Cynthia Vakareliyska, University of Oregon
The calendar of saints, or menology, to the Banica Gospel (W. Bulgaria, dated variously to the XIIIth and XIVth cen.) has been examined in several comparative studies of Bulgarian menologies (Hannick 1992, Koceva and Atanasov 1991, 1993; Koceva 1985), and is generally considered to be representative of the earliest Bulgarian menology tradition, which is based on the tenth-century menology to the Constantinople Typikon. The paper reexamines the composition and textual tradition of the Banica menology in light of new evidence from a sister manuscript which reveals that it is not as straightforward a document as previously assumed. Comparison of the Banica menology with the menology to the closely-related Curzon Gospel (W. Bulgaria, c. 1354) shows that the former is actually a checkerboard, in the sense that it was composed by interweaving listings from two different menologies representing distinctly different traditions: a short menology from the Constantinople tradition, which covers the more major feast days; and a full menology from a non-Constantinople tradition, which has been used as a supplement in order to cover the remaining calendar dates. The Constantinople listings are of particular interest because many of them are archaic and rare in Slavic menologies; the listings from the full menology are equally significant because they contain a number of entries from the Roman Catholic martyrology.
The Banica's Constantinople calendar entries for the more major days are shared by the Curzon menology, but the Curzon's listings for the other days of the year have been taken not from the Banica's supplemental antegraph, but from yet a third antegraph, which is not shared by any other manuscripts in a corpus of approximately 600 medieval Slavic and Greek calendars. The Banica's full menology antegraph, however, is shared by one other manuscript in the corpus, the full menology to a XIVth-century Bulgarian trephologion.
The paper will also discuss the ramifications of the Curzon/Banica comparison for our knowledge of the well-known XIVth-century Western Bulgarian menology to Apostol No. 882 (Cyril and Methodius National Library, Sofia). Until now it has been observed with regard to No. 882's menology only that it, like the the Banica's, is based on an early Constantinople tradition (Koceva and Atanasov 1991, 1993). The paper will show that in fact, No. 822's menology is based on an earlier, fuller antegraph of the entire Banica menology, which included some archaic Constantinople entries which are omitted in the Banica but preserved in the Curzon. The paper will also show that the antegraph for the Curzon/Banica (short menology) entries is shared by an eleventh-century Greek menology in the corpus. Finally, the paper will examine the light which the checkerboard nature of the Banica and Curzon menologies (and of No. 882) casts on our understanding of the process of textual transmission in medieval Bulgarian menologies, including the "skipping of species" (as in the Banica/882 case) in the use of menologies from manuscripts of one liturgical genre as antegraphs for menologies in manuscripts of another genre.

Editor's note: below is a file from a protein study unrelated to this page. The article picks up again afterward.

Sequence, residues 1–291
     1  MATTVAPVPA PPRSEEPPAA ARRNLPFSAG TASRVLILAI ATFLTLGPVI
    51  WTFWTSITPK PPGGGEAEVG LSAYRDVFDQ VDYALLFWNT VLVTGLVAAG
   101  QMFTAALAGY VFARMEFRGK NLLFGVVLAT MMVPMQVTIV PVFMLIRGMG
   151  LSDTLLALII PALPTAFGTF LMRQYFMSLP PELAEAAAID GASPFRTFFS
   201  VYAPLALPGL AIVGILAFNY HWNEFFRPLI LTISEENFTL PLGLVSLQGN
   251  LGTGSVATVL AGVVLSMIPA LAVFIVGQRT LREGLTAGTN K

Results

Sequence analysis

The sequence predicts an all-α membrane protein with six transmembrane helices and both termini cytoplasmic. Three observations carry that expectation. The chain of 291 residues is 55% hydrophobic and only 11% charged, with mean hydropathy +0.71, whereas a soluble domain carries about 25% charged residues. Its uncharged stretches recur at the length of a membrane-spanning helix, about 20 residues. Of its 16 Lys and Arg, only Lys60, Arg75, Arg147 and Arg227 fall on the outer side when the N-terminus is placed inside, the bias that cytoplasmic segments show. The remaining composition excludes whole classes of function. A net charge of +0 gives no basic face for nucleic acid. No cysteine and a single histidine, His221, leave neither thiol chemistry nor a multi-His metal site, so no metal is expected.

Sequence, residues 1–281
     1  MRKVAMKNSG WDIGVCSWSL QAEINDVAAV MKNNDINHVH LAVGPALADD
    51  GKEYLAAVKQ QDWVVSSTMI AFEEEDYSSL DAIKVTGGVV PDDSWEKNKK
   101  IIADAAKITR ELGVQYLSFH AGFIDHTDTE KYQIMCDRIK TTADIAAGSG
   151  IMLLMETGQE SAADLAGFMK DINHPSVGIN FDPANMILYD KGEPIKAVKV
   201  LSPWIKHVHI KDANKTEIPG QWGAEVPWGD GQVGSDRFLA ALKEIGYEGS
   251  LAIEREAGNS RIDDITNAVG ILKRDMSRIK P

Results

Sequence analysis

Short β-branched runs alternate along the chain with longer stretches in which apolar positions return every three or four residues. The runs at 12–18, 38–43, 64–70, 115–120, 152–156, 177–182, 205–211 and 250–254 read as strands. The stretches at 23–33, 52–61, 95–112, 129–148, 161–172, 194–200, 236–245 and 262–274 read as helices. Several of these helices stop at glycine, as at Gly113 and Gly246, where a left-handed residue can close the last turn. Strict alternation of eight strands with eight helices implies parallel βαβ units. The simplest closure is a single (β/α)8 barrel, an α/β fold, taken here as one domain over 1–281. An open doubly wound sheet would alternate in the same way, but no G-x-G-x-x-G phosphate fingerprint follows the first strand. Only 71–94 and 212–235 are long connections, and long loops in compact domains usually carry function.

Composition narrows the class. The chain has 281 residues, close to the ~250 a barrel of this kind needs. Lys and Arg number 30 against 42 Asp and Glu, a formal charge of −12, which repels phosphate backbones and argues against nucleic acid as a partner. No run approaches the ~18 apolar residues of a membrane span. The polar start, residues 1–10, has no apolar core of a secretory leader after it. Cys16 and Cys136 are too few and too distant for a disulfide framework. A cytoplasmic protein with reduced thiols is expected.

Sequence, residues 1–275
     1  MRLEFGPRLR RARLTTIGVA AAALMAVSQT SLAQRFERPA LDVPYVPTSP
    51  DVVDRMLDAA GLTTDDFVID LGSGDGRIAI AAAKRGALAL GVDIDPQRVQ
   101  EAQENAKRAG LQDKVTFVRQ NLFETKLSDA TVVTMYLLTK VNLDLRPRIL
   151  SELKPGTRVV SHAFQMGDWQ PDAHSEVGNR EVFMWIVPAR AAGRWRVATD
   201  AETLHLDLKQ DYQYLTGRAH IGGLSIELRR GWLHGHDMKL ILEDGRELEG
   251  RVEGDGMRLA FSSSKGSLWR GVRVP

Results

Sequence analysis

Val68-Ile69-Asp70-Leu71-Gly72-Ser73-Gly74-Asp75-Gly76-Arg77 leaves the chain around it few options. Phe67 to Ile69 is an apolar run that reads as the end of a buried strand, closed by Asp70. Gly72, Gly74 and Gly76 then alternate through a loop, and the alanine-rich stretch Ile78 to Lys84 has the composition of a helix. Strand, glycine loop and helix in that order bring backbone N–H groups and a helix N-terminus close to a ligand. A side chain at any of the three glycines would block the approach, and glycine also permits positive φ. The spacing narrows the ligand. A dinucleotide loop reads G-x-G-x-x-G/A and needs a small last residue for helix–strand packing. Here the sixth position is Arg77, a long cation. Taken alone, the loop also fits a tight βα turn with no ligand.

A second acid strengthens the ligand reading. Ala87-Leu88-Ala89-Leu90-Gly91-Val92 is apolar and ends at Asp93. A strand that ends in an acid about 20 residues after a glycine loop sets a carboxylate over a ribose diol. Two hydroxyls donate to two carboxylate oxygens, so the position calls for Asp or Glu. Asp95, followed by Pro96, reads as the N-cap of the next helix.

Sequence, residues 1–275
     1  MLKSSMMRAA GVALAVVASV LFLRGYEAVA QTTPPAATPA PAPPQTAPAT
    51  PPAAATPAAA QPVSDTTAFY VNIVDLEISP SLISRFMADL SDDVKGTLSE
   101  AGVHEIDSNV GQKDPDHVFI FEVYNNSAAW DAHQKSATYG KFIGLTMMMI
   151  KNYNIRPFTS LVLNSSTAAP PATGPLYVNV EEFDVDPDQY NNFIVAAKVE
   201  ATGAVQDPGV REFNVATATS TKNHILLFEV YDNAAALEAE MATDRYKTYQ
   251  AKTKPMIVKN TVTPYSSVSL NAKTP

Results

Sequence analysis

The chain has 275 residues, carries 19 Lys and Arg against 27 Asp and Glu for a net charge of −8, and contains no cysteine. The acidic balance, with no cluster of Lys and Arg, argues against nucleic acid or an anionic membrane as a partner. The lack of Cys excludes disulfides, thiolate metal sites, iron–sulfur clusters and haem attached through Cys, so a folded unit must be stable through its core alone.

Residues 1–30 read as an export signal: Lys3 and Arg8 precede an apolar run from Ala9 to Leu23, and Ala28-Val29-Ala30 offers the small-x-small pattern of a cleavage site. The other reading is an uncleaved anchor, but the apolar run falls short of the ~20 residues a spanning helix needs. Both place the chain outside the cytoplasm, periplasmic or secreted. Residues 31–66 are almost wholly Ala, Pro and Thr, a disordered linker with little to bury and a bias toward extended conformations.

Hannick, C. (1992), "Liturgische Merkmale einer Bestimmung der kirchlichen Einflusse in der kiever Rus'", in Tachiaos, A.-E. N. (ed.), The Legacy of Saints Cyril and Methodius to Kiev and Moscow: Proceedings of the International Congress on the Millennium of the Conversion of Rus' to Christianity, Thessaloniki 26-28 November 1988, (Thessaloniki), 305-319.
Koceva, E. (1985), "Cerkovnye ustavy i izuchenie slavjanskix rukopisej X-XIV vv.: Predvaritel'nye zamechanija", Polata k"nigopis'naja 13: 44-49.
Koceva, E. and Atanasov, A. (1991), "Osobenosti v sudurzhanieto na Apostol No. 882 ot Narodnata Biblioteka "Sv.Sv. Kiril i Metodij" v Sofia", Kirilo-metodievski studii 8: 292-319.
_____, (1993), "Carigradskijat mesecoslov ot X vek i kalendari v bulgarski pismeni pametnici", in Buchvarov, M., Dogramadzhieva, E., and Nikolova, S., Xiljada i osemdeset godini ot smurtta na sv. Naum Oxridski, 214-241.